The fifth of November,
The Gunpowder treason and plot;
I know of no reason
Why the Gunpowder treason
Should ever be forgot!
Guy Fawkes and his companions
Did the scheme contrive,
To blow the King and Parliament
All up alive.
Threescore barrels, laid below,
To prove old England’s overthrow.
But, by God’s providence, him they catch,
With a dark lantern, lighting a match!
A stick and a stake
For King James’s sake!
I have to admit a fondness for Guy Fawkes and his fellow conspirators. Oppressed, they sought to change the course of history. There is a bit of a rebel in all of us and in some ways Fawkes and his fellow conspirator’s appeals to those feelings on their most base level. Of course, in reality, the suppressed Catholics became even larger targets of oppressions as a result of the infamous Gunpowder plot’s horrific failure.
I would say that this review of spoiler-free, but I can assure you, it is not. Series based on history cannot be spoiler free.
When I saw HBO was doing a series on this, starring Kit Harrington from Game of Thrones, I was pretty excited. Americans only know Guy Fawkes from the movie “V for Vendetta” so I thought that this was going to be a great docudrama that was both entertaining and educational.
It is a dark series, both story-wise and visually. There are a number of characters introduced that we never really get to know and invest ourselves in. As such, their fates do not mean much to us as viewers – which is a lost opportunity. That isn’t to say that this is a bad series – in fact is very captivating and stimulating, with a bit of a let-down at the end.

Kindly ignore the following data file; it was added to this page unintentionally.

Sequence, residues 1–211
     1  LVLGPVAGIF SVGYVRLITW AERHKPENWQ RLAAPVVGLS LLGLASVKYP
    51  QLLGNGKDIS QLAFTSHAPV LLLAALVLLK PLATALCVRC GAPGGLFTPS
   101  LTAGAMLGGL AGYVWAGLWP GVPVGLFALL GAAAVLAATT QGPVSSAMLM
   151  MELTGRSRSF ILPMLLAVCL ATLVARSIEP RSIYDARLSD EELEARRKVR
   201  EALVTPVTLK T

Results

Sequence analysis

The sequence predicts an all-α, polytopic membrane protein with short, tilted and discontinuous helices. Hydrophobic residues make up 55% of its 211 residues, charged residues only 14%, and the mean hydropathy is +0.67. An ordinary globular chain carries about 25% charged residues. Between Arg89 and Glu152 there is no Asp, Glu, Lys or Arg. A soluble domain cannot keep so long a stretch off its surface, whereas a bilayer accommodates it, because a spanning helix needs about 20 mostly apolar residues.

The story of English Catholics during King James reign is played out in dramatic fashion in the opening episode. The scenes of the crushing death of a Catholic resistor was disturbing and unfortunately historically accurate.
Guy Fawkes emerges in the second episode as a bit of a bad-ass. When push came to shove, the plan is hatched to blow up Parliament and the King. The second episode does a great job of building up for a confrontation and conflagration.
The third episode is a cascade on many levels. One, the bombing plan unravels. The explanation of the Spanish as the exposers of the assassination is far-fetched (and likely inaccurate) but adds to the intrigue of the story. Guy Fawkes, who was such a larger-than-life figure in the second episode is quickly subdued and the explosives diffused. Harrington’s character Robert Catesby, digs in for a fight to the finish, a battle he does not win. (Sidebar: I understand that Harrington is related to Catesby, which is incredibly cool.)
I had to research this period for my book on the cannibal clan of Sawney Bean, which certainly helped my personal enjoyment. I will say that the end of the series was disappointing. The characters you embrace are dead (not Game of Thrones style either) and you don’t know what happened after their demise. Even the contemporary impact of the Gunpowder plot is ignored. The viewer is left wanting more – even some closure. I anticipated the poem above to be read, or images of Guy Fawkes Night in modern times. We don’t get these.
Despite the depressing ending, which mirrored real life, the series has a grittiness and realistic feel about it that is entertaining and chilling. It is well worth the three hours of your time to watch.